How to Bet Big on the American Dream


In a recent article, the Atlantic's Debby Bielak and Jim Shelton explore how $1 billion of targeted private funding can start to move the needle of decreasing poverty. We have all heard of the 'American Dream': everyone has an equal opportunity to a career and wealth. However, we are finding that this promise is impossible for some Americans. Nearly 70 percent of children born to parents in the bottom 40 percent of incomes remain in poverty—regardless of whether they "work hard and play by the rules," as so many have been taught. The Bridgespan Group, a nonprofit philanthropic advisory group, has found that investing in targeted, on-the-ground innovations has the best results and can pave the way to social mobility for millions of poor Americans.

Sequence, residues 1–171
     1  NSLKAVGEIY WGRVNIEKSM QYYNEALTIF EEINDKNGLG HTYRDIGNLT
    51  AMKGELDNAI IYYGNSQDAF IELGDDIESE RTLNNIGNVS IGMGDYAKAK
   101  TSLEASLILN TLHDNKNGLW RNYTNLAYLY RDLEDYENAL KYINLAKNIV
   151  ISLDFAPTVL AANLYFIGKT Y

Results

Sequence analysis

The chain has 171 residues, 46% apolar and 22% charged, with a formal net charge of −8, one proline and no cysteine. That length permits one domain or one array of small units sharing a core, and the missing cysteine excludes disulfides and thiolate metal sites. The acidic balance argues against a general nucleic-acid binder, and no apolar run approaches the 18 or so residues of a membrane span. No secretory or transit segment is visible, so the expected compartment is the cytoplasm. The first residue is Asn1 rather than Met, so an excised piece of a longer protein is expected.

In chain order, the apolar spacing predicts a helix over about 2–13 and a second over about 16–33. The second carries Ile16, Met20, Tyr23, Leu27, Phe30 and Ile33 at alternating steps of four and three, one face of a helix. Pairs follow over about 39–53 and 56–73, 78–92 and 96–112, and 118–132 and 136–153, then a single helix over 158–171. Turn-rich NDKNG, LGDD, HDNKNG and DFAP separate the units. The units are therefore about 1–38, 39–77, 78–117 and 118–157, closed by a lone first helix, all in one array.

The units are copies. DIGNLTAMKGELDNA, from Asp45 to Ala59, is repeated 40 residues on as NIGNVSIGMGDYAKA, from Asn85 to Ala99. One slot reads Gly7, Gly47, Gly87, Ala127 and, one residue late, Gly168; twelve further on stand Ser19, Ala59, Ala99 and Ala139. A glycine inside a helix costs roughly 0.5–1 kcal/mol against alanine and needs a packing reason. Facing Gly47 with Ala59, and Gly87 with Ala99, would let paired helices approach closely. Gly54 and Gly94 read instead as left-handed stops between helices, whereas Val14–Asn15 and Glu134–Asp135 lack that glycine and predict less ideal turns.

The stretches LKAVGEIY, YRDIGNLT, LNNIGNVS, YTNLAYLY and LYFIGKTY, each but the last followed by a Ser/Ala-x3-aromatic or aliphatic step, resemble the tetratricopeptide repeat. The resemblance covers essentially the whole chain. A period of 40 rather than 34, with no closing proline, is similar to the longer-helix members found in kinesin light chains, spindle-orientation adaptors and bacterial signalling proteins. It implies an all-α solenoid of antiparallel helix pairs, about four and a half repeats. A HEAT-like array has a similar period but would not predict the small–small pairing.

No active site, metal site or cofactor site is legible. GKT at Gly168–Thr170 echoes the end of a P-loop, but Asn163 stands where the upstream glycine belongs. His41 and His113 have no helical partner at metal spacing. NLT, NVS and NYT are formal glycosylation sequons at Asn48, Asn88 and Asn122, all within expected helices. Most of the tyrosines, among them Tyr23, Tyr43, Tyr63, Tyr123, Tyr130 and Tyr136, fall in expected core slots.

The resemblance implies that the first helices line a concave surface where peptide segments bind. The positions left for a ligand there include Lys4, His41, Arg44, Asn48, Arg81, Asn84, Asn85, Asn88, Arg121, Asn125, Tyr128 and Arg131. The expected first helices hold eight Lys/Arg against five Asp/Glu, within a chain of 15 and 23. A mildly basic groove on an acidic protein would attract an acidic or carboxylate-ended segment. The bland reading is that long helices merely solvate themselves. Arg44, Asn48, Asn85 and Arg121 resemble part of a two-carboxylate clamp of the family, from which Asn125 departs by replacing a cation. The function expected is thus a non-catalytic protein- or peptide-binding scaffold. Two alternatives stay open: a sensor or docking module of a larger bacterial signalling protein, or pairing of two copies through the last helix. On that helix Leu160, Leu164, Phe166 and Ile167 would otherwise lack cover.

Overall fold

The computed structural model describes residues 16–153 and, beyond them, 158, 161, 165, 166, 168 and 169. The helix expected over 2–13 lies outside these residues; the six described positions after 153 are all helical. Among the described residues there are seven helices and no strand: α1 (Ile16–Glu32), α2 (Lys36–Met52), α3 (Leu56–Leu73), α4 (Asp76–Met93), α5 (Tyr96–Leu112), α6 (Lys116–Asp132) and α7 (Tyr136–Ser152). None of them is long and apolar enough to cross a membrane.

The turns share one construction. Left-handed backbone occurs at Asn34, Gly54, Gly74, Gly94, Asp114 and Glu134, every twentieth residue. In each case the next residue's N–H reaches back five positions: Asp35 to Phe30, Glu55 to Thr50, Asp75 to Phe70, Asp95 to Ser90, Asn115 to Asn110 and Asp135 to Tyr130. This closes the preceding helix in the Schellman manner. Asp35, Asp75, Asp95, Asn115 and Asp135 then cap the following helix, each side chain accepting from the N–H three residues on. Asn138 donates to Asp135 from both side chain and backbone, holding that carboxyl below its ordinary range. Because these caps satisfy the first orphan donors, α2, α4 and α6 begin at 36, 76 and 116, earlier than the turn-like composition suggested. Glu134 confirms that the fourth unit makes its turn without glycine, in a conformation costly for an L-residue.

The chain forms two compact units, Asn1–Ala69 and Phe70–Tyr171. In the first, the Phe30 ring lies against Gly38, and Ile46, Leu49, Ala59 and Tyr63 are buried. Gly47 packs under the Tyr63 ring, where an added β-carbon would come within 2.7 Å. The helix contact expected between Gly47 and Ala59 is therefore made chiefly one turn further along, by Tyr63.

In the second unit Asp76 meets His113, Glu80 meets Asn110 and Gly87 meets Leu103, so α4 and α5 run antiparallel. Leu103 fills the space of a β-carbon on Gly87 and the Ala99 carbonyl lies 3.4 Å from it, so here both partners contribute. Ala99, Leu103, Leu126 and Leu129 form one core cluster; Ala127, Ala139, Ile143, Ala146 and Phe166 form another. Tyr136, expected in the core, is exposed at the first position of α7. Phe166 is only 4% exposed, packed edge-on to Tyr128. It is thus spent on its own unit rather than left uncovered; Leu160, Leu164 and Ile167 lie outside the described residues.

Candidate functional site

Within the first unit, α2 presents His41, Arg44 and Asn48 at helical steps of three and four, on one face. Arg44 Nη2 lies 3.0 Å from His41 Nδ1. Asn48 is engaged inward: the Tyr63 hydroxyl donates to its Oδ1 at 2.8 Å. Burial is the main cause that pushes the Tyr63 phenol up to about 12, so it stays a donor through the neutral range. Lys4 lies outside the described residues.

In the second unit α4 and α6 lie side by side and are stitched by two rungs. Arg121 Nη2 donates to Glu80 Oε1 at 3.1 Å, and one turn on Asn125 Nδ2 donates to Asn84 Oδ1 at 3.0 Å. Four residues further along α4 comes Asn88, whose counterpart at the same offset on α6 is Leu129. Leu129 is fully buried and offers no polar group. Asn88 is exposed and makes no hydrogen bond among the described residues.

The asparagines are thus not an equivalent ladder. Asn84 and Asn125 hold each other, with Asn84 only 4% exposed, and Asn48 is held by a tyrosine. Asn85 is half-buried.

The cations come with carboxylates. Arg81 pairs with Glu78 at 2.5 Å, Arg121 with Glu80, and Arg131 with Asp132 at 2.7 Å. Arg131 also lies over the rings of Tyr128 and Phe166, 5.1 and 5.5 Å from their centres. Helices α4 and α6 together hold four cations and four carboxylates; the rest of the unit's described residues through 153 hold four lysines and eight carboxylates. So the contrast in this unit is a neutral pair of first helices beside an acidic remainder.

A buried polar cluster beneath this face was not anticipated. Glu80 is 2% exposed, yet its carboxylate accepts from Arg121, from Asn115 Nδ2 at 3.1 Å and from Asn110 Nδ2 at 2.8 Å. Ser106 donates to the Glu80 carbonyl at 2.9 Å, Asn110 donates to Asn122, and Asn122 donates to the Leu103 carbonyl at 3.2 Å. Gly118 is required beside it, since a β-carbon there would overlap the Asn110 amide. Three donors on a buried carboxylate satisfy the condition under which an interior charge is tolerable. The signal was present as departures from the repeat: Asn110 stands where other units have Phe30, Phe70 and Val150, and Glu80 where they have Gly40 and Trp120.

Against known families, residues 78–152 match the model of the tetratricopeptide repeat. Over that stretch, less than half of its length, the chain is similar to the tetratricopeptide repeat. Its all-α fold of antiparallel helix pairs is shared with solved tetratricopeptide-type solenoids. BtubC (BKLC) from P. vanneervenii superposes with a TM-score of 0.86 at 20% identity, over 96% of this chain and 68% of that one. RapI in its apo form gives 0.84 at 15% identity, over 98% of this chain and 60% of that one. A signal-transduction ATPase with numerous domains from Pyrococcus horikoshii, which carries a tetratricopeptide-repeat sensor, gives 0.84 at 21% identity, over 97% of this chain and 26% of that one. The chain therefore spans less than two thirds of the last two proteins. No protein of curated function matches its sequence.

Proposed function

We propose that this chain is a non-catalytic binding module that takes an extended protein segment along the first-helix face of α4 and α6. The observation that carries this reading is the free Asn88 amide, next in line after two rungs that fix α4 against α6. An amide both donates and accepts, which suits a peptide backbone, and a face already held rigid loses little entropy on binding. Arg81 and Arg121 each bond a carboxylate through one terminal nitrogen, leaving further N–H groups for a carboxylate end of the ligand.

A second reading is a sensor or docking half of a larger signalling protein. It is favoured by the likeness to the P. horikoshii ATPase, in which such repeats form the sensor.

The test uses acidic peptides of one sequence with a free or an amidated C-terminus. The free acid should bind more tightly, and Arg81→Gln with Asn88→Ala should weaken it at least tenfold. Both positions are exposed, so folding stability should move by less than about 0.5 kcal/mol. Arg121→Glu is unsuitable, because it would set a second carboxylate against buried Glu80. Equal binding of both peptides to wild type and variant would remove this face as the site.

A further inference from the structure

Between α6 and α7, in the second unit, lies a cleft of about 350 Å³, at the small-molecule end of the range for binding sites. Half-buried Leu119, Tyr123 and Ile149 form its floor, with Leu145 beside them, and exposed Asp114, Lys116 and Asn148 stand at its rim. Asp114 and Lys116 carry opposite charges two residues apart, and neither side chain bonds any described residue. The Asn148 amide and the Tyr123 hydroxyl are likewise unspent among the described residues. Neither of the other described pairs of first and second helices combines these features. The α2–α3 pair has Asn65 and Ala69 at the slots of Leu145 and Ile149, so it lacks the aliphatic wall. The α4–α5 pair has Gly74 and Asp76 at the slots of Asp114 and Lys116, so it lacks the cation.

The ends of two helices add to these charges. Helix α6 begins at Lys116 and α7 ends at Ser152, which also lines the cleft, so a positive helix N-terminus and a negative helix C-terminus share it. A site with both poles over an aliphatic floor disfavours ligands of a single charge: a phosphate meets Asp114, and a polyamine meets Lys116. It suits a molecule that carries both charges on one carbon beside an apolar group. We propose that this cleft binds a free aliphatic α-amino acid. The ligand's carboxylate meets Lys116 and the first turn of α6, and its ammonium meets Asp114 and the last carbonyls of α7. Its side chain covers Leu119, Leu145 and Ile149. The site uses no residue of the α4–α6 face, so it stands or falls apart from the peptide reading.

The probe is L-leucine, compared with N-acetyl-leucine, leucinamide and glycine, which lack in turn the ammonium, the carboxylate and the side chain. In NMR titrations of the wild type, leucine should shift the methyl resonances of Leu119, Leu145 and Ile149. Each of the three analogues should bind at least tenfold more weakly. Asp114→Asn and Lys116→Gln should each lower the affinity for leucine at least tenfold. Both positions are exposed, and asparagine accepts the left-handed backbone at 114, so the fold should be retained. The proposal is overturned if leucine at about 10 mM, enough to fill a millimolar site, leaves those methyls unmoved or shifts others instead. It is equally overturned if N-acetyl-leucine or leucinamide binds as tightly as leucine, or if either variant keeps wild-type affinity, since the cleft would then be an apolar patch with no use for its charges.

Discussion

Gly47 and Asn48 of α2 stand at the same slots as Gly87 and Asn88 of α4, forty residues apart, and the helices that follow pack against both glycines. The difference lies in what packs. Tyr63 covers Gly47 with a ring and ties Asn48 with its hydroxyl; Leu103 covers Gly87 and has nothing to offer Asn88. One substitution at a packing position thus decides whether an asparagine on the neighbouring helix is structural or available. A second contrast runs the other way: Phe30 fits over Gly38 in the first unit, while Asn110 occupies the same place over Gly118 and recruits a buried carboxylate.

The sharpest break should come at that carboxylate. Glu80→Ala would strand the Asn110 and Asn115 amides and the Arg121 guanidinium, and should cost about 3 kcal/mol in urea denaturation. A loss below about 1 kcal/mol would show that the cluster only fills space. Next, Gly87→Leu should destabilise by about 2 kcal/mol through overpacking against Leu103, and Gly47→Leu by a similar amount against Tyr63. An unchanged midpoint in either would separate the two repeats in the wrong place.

Since the mid-1960s, public and private institutions have invested billions of dollars creating economic opportunity for every American with programs like the War on Poverty and No Child Left Behind. However, the data shows the United States is far from achieving equal economic opportunity for all. Bridgespan has identified 15 investments, or bets, where $1 billion of philanthropic capital could improve mobility for large numbers of people currently trapped at the bottom of the income ladder. These investments could build pathways to careers that will generate $7.3 to $14.7 billion in increased lifetime earnings. It starts with programs that teach children to read, develop math skills, etc. and takes them all the way to through adulthood. The calculations show that the best investments are in programs and tools that help low-income individuals (1) build skills that will propel them to the middle class, (2) remove obstacles that hold them back, and (3) provide opportunities to transform high-poverty communities. But what is surprising is that, in addition to creating a high probability of increasing people's lifetime earnings, these programs and tools potentially yield aggregate returns of at least $3, and as much as $15, for every $1 invested. A worthy return on investment.